When it comes to spending, iOS users still outshine Android fans. The same can be said for web traffic, too, according to IBM. Their Big Blue mother brain found that the iOS platform accounted for 14.5% of all Cyber Monday web purchases. Android was only responsible for about 2.5%.

When it came to those purchases, iOS users spent an average of $120.29 per order, while the Android user spent a little less — $106.70. As for the overall web traffic stats, iOS claims a 22.4% share, compared to Android’s meager 9.1%. Mobile web traffic comprised 31.7% of the overall statistic, up 45% from last year.

In breaking out device use, smartphones were responsible for 19.7%, and tablets 11.5% of the overall traffic. While the remaining 0.5% isn’t accounted for, we’d like to know what other mobile devices are considered. When it came time to pull the trigger on a sale, tablet users were responsible for 11.7% of all online sales, while smartphones comprised 5.5%. This could be partly attributed to retailers pushing 77% more notifications to devices over the shopping holiday.

From these numbers, we can easily surmise that iOS users shop more, buy more, and browse more. Though the numbers were down overall from Black Friday, sales were up 20.6% over Cyber Monday last year, and was the biggest one to date. As companies turn to statistics like these to decide where it’s best to invest their mobile budget, it proves a troubling statistic for Android users.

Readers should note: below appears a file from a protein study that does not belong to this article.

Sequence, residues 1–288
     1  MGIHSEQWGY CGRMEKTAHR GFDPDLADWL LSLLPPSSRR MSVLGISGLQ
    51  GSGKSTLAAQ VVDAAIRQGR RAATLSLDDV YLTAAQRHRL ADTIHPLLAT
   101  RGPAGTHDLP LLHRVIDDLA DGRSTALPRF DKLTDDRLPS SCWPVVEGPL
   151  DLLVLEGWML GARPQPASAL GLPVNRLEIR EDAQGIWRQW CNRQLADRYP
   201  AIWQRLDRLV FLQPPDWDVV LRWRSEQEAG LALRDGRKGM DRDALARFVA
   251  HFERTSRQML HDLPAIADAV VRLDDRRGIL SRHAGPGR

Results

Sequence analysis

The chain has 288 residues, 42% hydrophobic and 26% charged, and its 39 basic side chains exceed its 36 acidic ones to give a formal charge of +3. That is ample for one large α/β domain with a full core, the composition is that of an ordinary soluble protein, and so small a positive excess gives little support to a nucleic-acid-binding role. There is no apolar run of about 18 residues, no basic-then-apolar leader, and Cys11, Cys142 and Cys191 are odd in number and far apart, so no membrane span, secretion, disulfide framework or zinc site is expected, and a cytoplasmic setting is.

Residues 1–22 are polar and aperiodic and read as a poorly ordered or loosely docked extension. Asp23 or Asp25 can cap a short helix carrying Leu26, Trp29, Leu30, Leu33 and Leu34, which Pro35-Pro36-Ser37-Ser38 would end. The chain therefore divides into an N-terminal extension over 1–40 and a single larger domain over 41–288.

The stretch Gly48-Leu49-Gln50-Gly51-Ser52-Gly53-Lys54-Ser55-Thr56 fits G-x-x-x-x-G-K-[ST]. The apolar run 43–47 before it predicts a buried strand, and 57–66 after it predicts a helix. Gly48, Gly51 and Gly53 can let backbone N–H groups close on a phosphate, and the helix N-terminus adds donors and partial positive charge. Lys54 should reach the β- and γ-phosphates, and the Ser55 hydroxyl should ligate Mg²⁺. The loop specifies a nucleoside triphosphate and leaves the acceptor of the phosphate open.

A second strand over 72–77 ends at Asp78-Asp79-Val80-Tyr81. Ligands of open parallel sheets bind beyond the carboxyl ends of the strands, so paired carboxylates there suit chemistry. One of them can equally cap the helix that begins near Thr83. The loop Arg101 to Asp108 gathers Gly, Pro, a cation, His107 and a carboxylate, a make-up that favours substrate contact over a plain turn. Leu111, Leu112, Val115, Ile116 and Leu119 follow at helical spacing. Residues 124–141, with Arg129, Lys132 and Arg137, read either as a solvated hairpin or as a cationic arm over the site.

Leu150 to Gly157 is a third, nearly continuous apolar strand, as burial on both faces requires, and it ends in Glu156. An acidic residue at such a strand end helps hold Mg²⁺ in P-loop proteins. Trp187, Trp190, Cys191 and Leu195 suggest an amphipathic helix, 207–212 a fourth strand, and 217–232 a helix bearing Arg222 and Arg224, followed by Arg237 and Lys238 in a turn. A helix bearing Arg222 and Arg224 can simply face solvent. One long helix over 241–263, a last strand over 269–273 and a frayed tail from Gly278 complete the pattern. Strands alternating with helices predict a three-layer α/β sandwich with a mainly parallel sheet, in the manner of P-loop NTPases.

• Paul

    This is a BS statistic because not all android phones have the same user agent id’s. All ipones will report throught the user agent as ios, but android may show linux or android,or even samsung. STOP the FUD and show the data.

    • Disasterpiece

      I do agree with the user agent piece because I definitely have my galaxy note browser set to iPhone. But why would people buy an android device and set the user agent to iPhone or iPad? I did it because websites react differently for Android devices than they do for iPhone. One anime website I go to would automatically try to show me flash video on my phone (which doesn’t work). So I had to learn how to get around it by changing the user agent for my browser.
      I wonder why other people would change their user agents… Hmm. You bring up a valid point, sir.

  • Disasterpiece

    My example: I have a galaxy note 3 but I purchased items on my 4th generation iPad. Somehow buying items on my Android device seems… Non-private(?). Like somehow I will see ads pop up about what I’m purchasing because Google is all about ads and less about user privacy while Apple doesn’t really care either way. This is just my opinion.

  • BT Onedem

    Android users make their choices less impulsively.